In April 1385, the general council sharply condemned Buchan's behaviour and sat with the intention of maneuvering Carrick into firmly intervening in the north. In July, under Carrick's guardianship, a Scottish army that included a French force commanded by Admiral Jean de Vienne penetrated into the north of England without any serious gains but provoked a damaging retaliatory attack by Richard II. Yet in the north, Carrick did not bring Buchan under control and many of the Guardian's supporters although pleased at the resumption of hostilities with England were unhappy at the continued northern lawlessness. Carrick had been made Guardian partly on the need to curb Buchan's excesses yet despite this by February 1387 Buchan had become even more powerful and influential when he was appointed Justiciar north of the Forth.
The war with England was halted by a series of truces but on 19 April 1388, English envoys sent to Scotland to again extend the ceasefire returned to Richard's court empty-handed—by 29 April Robert II was conducting a council in Edinburgh to authorise renewed conflict with England. Although the Scots army defeated the English at the Battle of Otterburn in Northumberland in August 1388, its leader, the Earl of Douglas, was killed. Douglas died childless, triggering a series of claims on his estate—Carrick backed his brother-in-law Malcolm Drummond, the husband of Douglas's sister, while Carrick's brother, Robert Earl of Fife, took the side of Sir Archibald Douglas, Lord of Galloway, who held an entail on his kinsman's estates, and who ultimately succeeded to the earldom. Fife, with his new powerful Douglas ally, together with those loyal to the king, ensured at the December 1388 council meeting that the guardianship of Scotland would pass from Carrick (who had recently been badly injured from a horse-kick) to Fife.
There was general approval of Fife's intention to properly resolve the situation of lawlessness in the north and in particular the activities of Buchan his younger brother. Buchan was stripped of his position of justiciar, which would soon be given to Fife's son, Murdoch Stewart. In January 1390 Robert II was in the north-east perhaps to strengthen the now changed political outlook in the north of the kingdom. He returned to Dundonald Castle in Ayrshire in March where he died on 19 April and was buried at Scone on 25 April.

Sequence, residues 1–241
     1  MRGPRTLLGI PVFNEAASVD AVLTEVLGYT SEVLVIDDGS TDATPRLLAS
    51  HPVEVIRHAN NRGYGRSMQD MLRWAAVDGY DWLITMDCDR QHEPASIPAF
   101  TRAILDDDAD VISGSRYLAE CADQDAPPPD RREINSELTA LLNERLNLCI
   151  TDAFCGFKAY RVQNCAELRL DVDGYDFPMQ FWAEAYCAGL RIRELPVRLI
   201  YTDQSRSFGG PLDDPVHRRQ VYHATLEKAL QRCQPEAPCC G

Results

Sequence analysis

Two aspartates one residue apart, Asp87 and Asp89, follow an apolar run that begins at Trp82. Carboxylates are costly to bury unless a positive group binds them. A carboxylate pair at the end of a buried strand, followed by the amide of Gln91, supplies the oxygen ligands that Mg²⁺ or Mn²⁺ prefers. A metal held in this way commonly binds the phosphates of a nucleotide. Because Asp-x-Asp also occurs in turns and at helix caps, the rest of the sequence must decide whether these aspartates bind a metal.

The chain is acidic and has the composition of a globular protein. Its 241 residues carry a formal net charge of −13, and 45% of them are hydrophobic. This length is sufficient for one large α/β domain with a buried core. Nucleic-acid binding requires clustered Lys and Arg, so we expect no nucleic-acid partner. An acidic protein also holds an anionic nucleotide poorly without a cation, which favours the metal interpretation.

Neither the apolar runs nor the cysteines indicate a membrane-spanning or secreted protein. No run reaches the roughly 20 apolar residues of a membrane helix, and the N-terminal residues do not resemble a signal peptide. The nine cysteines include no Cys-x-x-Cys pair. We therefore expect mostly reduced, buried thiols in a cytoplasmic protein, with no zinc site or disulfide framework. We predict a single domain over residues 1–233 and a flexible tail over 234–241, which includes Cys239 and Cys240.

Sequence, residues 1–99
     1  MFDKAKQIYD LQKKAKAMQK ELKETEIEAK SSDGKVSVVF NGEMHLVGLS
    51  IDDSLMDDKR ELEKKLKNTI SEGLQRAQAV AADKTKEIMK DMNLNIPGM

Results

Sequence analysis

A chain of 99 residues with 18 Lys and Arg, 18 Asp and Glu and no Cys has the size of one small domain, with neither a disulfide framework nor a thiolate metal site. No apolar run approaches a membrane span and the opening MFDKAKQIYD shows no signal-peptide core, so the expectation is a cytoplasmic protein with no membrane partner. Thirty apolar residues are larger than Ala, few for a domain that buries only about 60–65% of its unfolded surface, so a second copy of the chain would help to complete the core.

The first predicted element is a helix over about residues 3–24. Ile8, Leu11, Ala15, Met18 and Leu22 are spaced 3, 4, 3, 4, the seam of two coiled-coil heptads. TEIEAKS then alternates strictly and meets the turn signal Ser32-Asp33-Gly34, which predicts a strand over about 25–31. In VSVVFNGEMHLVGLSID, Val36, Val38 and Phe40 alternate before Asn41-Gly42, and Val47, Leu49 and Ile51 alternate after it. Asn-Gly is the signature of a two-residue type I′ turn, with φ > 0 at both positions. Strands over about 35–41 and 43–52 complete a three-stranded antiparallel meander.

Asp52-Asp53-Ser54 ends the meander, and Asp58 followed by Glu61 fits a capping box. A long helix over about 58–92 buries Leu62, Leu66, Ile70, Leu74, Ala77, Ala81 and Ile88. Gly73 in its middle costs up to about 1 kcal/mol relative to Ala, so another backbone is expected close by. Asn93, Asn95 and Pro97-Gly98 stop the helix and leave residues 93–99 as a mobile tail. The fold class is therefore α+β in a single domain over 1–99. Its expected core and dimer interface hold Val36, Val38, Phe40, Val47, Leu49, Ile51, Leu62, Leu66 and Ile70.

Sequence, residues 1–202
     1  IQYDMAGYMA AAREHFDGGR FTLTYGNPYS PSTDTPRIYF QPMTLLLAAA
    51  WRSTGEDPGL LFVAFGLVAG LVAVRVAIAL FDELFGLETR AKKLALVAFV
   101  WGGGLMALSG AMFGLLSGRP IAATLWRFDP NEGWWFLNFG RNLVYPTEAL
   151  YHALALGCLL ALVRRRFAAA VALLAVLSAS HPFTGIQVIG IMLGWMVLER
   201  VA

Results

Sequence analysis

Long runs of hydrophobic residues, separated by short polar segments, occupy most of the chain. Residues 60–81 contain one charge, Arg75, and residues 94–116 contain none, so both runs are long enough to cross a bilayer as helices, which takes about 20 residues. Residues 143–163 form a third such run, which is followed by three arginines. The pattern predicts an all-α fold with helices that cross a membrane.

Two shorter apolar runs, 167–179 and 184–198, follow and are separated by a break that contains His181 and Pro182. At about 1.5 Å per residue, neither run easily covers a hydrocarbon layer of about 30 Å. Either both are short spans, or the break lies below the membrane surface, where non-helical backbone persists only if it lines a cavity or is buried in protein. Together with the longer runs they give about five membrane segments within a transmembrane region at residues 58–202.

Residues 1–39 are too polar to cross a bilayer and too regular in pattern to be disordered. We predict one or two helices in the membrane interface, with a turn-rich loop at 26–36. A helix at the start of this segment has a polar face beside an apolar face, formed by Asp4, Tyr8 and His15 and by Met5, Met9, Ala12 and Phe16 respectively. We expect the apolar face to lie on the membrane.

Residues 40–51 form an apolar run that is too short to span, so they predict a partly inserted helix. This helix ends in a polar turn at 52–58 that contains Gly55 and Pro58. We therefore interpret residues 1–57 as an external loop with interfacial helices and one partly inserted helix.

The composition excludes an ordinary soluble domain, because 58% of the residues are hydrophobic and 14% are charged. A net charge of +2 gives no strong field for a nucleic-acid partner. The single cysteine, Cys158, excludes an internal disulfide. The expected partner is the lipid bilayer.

In May 1390 parliament granted John permission to change his regnal name to Robert, probably in part to maintain the link back to Robert I but also to disassociate himself from King John Balliol. The four-month delay in the crowning of Robert III can be seen as a period when Fife and his affinity sought to ensure their future positions, and which also saw Buchan's opportunistic attack on Elgin Cathedral, settling an old score with the Bishop of Moray, and possibly also a protest at Fife's reappointment as the king's lieutenant.
In 1392, Robert III strengthened the position of his son David, now Earl of Carrick, when he endowed him with a large annuity that allowed the young prince to build up his household and affinity, and then in 1393 regained his right to direct rule when the general council decided that Fife's lieutenancy should end and that Carrick, now of age, should assist his father. This independence of action was demonstrated in 1395–6, when he responded to Carrick's unauthorised marriage to Elizabeth Dunbar, daughter of George, Earl of March, by ensuring its annulment. The king appears to have also taken over the conduct of foreign affairs, preserving the peace with Richard II and managing to increase the power of the Red Douglas Earl of Angus in the southeast of the country as a counterbalance to Fife's Black Douglas ally. He further showed his authority when in an attempt to reduce inter-clan feuding and lawlessness, he arranged and oversaw a gladiatorial limited combat between the clans of Kay and Quhele (Clan Chattan) in Perth on 28 April 1396. Carrick progressively acted independently of his father taking control of the Stewart lands in the south-west, while maintaining his links with the Drummonds of his mother, and all at a time when Fife's influence in central Scotland remained strong.